9 Things Not To Say To An Addict And What To Say Instead

Drug addiction is a scary and messy disease. There are dozens of factors that can help piece together an understanding of how or why an addiction has formed, giving each addict a unique story and experience. Regardless of this story, it is a long and dark journey that only an addict can truly understand. Even the most supportive people may not fully grasp the experience of addiction.

If you know someone that is battling addiction or newly in recovery, be aware that it is not an easy road. Also be aware that everything you have thought about his or her addiction is likely playing on repeat in the addict’s head, already. Need some guidance? Here are 9 things you should never say to an addict and some tips on what to say, instead:

1.  Why don’t you just stop doing it?

If an addict could “just stop” doing drugs or drinking alcohol, don’t you think he would? While this is an incredibly logical question that seems to burst from everyone’s minds, when it comes to addiction, it is also a naive question laced with some pretty heavy implications. Not only that, but this is exactly the question that the addict likely asks himself every single morning when he wakes up.

Try this instead: It must be really hard to quit, as I’m sure you’d like to just stop doing it, right?

Why this works: This question opens up the opportunity for the addict to answer this question from a place of safety rather than defense.

2.  You’re so selfish.

It’s easy to understand how addiction can look incredibly selfish from the outside. The addict is often choosing her addiction over virtually everything else, day after day. It’s a very isolating disease, as a result. The difference between addiction and selfishness, though, is the presence of immense guilt. The addict knows that it’s a selfish disease and never forgets for a single second everything else she should be investing himself in, instead. The guilt weighs on her like a wet and heavy blanket that is impossible to remove. It is indeed a selfish disease, but the disease is the one that acts wantonly without regard for others. The addict is battling her role as the vessel that allows that to happen.

Try this instead: Do you miss your friends or doing the things that you normally love to do?

Why this works: The addict is fully aware that she’s not spending time or energy on her loved ones or favorite hobbies. She likely feels equally angered that she doesn’t make others a priority anymore, too! Open this up to a discussion so that she can recognize how she no longer spends time with her loved ones without feeling attacked.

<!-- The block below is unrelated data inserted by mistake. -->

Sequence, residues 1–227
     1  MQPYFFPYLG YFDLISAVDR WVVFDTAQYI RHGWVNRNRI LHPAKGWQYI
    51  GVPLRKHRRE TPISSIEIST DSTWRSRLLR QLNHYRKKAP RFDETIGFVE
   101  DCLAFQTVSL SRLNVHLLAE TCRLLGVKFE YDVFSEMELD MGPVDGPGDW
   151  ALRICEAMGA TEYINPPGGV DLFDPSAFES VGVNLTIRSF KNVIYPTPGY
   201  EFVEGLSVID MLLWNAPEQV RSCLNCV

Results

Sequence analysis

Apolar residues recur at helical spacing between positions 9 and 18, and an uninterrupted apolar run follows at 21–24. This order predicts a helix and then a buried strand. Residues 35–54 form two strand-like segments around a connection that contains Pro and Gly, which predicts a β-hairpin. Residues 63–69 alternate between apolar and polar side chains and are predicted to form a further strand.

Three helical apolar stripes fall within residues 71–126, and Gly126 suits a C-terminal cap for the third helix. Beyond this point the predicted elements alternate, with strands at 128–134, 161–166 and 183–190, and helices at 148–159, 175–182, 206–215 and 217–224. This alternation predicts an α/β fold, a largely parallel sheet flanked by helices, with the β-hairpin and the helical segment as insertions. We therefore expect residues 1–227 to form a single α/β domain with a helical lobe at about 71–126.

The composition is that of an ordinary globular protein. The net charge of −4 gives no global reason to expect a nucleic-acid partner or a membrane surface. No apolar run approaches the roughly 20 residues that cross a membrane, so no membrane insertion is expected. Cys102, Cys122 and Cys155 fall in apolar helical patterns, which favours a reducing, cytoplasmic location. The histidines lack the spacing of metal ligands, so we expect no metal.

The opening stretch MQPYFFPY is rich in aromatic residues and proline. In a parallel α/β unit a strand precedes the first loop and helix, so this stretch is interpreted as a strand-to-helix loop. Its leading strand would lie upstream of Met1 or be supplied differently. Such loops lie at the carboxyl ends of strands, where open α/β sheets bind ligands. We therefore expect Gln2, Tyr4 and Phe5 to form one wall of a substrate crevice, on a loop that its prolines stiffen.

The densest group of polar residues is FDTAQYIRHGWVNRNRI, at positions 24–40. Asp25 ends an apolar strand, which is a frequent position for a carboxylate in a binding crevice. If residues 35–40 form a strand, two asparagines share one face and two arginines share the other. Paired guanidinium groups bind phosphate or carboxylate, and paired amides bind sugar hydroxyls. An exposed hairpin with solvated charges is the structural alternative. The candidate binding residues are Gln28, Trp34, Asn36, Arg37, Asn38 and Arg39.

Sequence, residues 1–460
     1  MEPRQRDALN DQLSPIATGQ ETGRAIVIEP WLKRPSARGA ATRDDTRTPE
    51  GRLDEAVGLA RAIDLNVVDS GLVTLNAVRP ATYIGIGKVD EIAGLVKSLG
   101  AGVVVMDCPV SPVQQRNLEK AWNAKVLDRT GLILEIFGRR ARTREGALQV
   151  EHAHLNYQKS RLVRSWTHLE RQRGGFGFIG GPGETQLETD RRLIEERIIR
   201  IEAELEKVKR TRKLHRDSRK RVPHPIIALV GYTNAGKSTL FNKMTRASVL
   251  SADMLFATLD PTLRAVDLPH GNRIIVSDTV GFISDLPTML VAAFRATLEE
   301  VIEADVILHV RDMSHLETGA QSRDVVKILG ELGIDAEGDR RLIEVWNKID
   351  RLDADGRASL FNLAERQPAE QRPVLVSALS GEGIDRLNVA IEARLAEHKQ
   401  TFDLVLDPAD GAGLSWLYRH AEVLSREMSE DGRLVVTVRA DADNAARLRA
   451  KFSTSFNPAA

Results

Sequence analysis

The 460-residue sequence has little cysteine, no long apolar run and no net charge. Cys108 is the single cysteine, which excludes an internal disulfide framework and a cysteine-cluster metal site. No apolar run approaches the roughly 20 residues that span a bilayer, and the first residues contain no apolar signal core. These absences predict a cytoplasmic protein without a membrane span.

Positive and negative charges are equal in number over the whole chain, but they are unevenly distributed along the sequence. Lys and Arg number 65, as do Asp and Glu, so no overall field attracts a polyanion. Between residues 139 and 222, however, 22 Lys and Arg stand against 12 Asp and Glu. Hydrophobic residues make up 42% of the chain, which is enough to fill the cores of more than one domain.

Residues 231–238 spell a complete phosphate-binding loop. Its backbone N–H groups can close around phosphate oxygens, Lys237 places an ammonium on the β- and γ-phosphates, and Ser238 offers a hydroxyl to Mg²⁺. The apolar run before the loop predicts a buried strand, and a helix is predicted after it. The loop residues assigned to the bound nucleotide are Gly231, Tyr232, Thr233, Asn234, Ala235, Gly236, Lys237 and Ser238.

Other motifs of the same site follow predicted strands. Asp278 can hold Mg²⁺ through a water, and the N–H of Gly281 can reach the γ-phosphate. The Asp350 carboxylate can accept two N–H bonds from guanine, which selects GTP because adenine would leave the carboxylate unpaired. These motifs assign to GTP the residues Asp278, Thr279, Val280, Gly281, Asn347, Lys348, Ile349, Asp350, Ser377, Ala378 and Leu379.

3.  You’ll probably be like this for the rest of your life.

This is possibly the cruelest statement of all, no matter how true it may be. Indeed, addiction is a lifelong struggle, but when you’re in the throes of addiction this is perhaps your greatest fear the addict has. The future does not seem so bright and, in fact, many addicts probably wonder how much longer they will live at all. Every morning they wake with a complex psychological self-loathing that is only further complicated when, yet again, they were unable to quit using. So your telling them that this is a curse that will last a lifetime only pushes them further into that darkness.

Try this instead: I can imagine that this will be a lifelong commitment when you recover.

Why this works: You are taking the victimization out of the fact that addiction is indeed a lifelong disease. You are also empowering the addict by showing him or her that you believe in his or her ability to recover.

4.  This is how to break an addiction.

Addiction is a disease that is made up of a whole host of causes. Getting to the root of the cause is an important step in recovery, meaning that the recovery process is as unique as the individual. Advice on how to break an addiction can not only be incredibly misinformed but it can also make light of the disease. Nobody knows how to break an addiction better than the professionals there to support him and the addict, himself.

Try this instead: I have heard of many ways to recover. I hope that you find a way that works for you.

Why this works: Because it’s the truth.

5.  You don’t seem like an addict.